Family history revealed mental deficiency in her paternal great grandmother and paternal grand aunt's daughter while her father's cousin was mentally ill.
On clinical examination, her height was found to be 154 cms. And she weighed 44 kgs. Microbrachycephaly, bushy eyebrows, synophrosis, ocular hypotelorism, concomitant divergent squint, antimongoloid slant of eyes, beaked nose, low set ears, high arched palate, dental malocclusion, left simian crease, right clinodactyly, camptodactyly of the fifth finger and both index fingers and hypoplstic nails in both fifth fingers were present.
Psychometric testing revealed an I.Q. of 23 to 25 points, which placed her in the severe grade of mental retardation. Hearing and visual acuity were with in normal limits. Her speech was limited to simple sentences and was dyslalic and slurred. Hypertonia was also present.
Routine investigations were normal. Plasma and urinary amino acid chromatogram showed normal pattern. Roentgenogram of the chest, 2-D Echocardiography and abdominal ultrasonography were normal. X-rays of the hip joints revealed osteochondritis of epiphyses of the roof of both acetabulae. Chromosomal analysis of over 100 metaphases revealed a free trisomy of Chromosome 18.
Patients of trisomy 18 generally present a clinical picture that is readily recognizable. There is however a considerable degree of overlap with trisomy 13 or Patau syndrome.
The most common clinical features are: polyhydramnios, small placenta, single umbilical artery, mental retardation, weak cry, hyper tonicity, feeding difficulty, failure to thrive, flexion of fingers with the index overlapping the third finger and the fifth overlapping the fourth, cryptoorchidism, dorsification of halluces, interventricular septal defect, patent ductus arteriosus, inguinal and/or umbilical hernia and short sternum. Less commonly seen are epicanthus, tallipes calcaneovalgus, "rocker-bottom" feet, soft tissue syndactyly of the second and third toes, Meckel's diverticulum, heterotrophic pancreatic tissue and thin diaphragm with eventuation.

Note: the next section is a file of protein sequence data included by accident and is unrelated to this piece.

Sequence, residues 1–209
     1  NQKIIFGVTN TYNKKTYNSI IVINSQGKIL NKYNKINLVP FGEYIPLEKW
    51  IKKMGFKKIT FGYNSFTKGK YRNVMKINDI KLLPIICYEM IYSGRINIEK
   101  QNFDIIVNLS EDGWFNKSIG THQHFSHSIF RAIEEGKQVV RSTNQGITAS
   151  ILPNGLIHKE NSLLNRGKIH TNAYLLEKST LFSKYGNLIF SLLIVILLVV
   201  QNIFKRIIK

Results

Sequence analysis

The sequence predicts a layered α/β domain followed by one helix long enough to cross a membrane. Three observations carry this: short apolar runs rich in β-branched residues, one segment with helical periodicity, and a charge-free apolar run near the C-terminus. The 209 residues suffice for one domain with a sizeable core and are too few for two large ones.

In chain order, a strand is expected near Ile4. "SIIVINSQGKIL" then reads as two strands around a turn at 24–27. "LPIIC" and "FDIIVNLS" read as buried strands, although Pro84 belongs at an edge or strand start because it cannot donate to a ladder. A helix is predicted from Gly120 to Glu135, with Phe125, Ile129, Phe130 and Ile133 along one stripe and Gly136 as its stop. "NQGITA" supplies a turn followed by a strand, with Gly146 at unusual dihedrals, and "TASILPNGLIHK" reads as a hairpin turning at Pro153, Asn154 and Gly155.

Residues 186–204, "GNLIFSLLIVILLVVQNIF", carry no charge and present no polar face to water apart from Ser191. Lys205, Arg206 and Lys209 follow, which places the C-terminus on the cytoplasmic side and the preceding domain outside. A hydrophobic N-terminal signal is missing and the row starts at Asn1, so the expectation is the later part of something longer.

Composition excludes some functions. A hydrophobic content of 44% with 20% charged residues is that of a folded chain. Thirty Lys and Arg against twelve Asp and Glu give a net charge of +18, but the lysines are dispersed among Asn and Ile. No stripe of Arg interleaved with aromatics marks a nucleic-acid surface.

The most common oral and facial anomalies include prominent occiput, narrow bi-frontal diameter and mild hirsutism of forehead, low-set malformed ears and micrognathia. Less commonly noted features are microcephaly, corneal opacity and ptosis of eyelids. Cleft lip and cleft palate have also been noted.
In our case, the typical facial dysmorphic features were absent though failure to thrive, feeding difficulty, mental deficiency, microcephaly, hypertonicity, flexion deformities of fingers were present. Cardiovascular abnormalities were absent.
Survival in trisomy 18 is related to the severity of congenital malformations and to some extent, the availability of paediatric care. Survival into childhood or beyond has been noted on rare occasions; when they have lived to the age of 15 or 19 years., However, review of literature suggest that our patient has the longest survival which could be due to the absence of cardiovascular anomaly. More than 100 metaphases were screened to rule out mosaicism as it has been reported that patients with mosaicism have prolonged survival.
We are grateful to Mrs. T. D. Shroff, our Honorary Administrative Director and the board members of the "Research Society" for their kind permission to publish the above data. Our thanks are also due, to all our colleagues for their support and suggestions.